The European Central Bank leaves its rates unchanged and lowers its growth forecast

The European Central Bank (ECB) announced on Thursday March 7 that it was leaving its rates unchanged for the fourth time in a row, opting for caution in the face of falling inflation in the euro zone.

The deposit rate, which is a benchmark in particular for the cost of credit to households and businesses, remains at 4%, its highest level since the launch of the single currency in 1999. The refinancing rate and the facility rate marginal loan are respectively at 4.50% and 4.75%. Furthermore, the ECB has revised downwards its annual inflation forecast in the zone, from 2.7% to 2.3% for 2024. It now expects it to achieve its objective of inflation at 2% in 2025.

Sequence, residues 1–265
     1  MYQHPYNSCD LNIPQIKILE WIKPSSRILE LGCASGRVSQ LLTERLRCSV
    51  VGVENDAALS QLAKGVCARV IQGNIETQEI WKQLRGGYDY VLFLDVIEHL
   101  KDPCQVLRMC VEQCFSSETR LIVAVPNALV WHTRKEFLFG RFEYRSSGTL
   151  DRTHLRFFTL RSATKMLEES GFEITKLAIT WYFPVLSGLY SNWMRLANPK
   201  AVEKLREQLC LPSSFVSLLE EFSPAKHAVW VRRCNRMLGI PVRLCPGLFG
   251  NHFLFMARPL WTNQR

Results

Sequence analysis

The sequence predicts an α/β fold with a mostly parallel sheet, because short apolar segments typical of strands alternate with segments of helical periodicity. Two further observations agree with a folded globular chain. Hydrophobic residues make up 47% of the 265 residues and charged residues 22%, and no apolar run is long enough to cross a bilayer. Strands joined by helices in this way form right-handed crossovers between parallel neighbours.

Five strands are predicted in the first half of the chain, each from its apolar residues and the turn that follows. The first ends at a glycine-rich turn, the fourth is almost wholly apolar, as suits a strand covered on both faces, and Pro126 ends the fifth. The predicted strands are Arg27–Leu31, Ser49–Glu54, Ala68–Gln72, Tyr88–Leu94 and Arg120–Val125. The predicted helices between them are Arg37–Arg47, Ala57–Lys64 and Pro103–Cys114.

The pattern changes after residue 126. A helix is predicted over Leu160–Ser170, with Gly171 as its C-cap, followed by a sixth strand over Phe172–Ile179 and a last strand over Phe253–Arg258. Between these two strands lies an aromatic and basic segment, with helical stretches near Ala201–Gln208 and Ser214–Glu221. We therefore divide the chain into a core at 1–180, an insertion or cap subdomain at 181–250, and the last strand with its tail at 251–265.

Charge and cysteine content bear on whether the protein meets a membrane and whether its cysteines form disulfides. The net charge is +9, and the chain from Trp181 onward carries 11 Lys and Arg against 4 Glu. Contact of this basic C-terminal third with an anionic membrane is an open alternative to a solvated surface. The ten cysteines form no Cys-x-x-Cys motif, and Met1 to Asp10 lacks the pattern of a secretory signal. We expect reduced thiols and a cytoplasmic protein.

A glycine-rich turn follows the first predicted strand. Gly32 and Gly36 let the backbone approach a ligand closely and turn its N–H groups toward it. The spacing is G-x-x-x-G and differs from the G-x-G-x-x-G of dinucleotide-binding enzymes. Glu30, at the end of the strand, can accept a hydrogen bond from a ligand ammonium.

Scrutinized by the financial markets and the ECB, so-called core inflation, that is to say without the – very volatile – prices of energy and food, slowed in February to 3.1%. , compared to 3.3% in January. The ECB attributes this drop in inflation to its unprecedented monetary tightening campaign planned from July 2022 to control the surge in prices caused by the war in Ukraine.

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By improving borrowing costs at an unprecedented pace, demand for credit has been dampened, affecting consumption and investment by businesses and households alike. The downside of this policy: the euro zone economy has been stagnating for almost a year and a half.

The World with AFP

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